Long story short. To build a transparent proxy, we need to redirect every outbound request to the proxy. It seems easy with iptables... wait a second, no. Outbound requests from the proxy should not be redirected, or nothing can be sent out. How to do that? Usually an exception on the proxy server IP is set. But what if you have multi proxy servers? What if your proxy servers are changing overtime? Wouldn't it be a pain editing iptables rules?
Well, we have
cgroups. We can put our proxy program in a cgroup, and give an exception to this cgroup on iptables. On Arch Linux, the easist way to create cgroups is via
systemd. Therefore, we are picking the systemd PANTS.
Here shows an example for a TCP IPv4 transparent proxy.
If your proxy program runs as a systemd service, you can add this "Slice=" line to its configurations:
After daemon-reloading and restarting, your proxy program will be in the "bypass.slice" group.
You can also see a new directory named bypass.slice in
# ls /sys/fs/cgroup/unified/bypass.slice/ cgroup.controllers cgroup.max.descendants cgroup.threads io.pressure cgroup.events cgroup.procs cgroup.type memory.pressure cgroup.freeze cgroup.stat cpu.pressure run-u1925.scope/ cgroup.max.depth cgroup.subtree_control cpu.stat
If your proxy program is not a systemd service, run it with
sudo systemd-run --slice bypass.slice --scope clash -c /etc/clash/config.yaml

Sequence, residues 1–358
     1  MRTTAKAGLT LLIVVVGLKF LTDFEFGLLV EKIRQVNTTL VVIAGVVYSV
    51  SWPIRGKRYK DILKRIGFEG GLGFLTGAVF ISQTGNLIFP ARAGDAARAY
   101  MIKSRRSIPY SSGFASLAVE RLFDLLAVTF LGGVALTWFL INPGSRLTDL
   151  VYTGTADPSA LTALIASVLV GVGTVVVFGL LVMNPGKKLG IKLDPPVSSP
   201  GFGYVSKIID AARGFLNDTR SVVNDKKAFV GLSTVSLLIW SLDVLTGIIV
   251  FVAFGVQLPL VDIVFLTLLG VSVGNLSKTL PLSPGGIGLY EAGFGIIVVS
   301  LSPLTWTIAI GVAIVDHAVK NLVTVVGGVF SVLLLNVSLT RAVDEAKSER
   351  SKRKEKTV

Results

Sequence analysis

--scope so that you can see the stdouts and manipulate on stdins. It requires root permission (or not if you are using cgroups v2?). I would think you have got the root permission, since we're editing
The same way if you want to start an application which bypasses the proxy:
sudo systemd-run --slice bypass.slice --scope firefox
Or a shell which bypasses the proxy:
sudo systemd-run --slice bypass.slice --scope -S
Let's run a ping in a slice:
$ sudo systemd-run --slice test2.slice --scope -S Running scope as unit: run-r7865e1749deb48e4bcf797f1f403f396.scope $ ping 18.104.22.168
The ping is running here. Now we block all outbound packets from this slice:
iptables -A OUTPUT -m cgroup --path "test2.slice" -j DROP
The ping will start to fail:
ping: sendmsg: Operation not permitted
Okay. We see that iptables are working with our slice (cgroup). Now delete the rule:
iptables -L OUTPUT --line-numbers # Find something like # "2 DROP all -- anywhere anywhere cgroup test2.slice" # and remember its number iptables -D OUTPUT 2
# Create a chain on the nat table. # Why nat table? Because we are doing redirects later. iptables -t nat -N TP-TCP # On this chain: # 1. Everything from the bypass.slice should be where they were iptables -t nat -A TP-TCP -m cgroup --path "bypass.slice" -j RETURN # 2. Everything to local & loopback address should be where they were iptables -t nat -A TP-TCP -d 0.0.0.0/8 -j RETURN iptables -t nat -A TP-TCP -d 127.0.0.0/8 -j RETURN iptables -t nat -A TP-TCP -d 10.0.0.0/8 -j RETURN iptables -t nat -A TP-TCP -d 169.254.0.0/16 -j RETURN iptables -t nat -A TP-TCP -d 172.16.0.0/12 -j RETURN iptables -t nat -A TP-TCP -d 192.168.0.0/16 -j RETURN iptables -t nat -A TP-TCP -d 22.214.171.124/4 -j RETURN iptables -t nat -A TP-TCP -d 240.0.0.0/4 -j RETURN # 3. Everything else should go thourh the proxy port iptables -t nat -A TP-TCP -p tcp -j REDIRECT --to-ports 7892 # 4. All output packets should go through TP-TCP chain iptables -t nat -A OUTPUT -p tcp -j TP-TCP
curls and see if they are going through the proxy. Also, run
iptables -L TP-TCP -t nat -v -n
to see if any
bytes is going through. If it works, we're done! Hooray! 🎉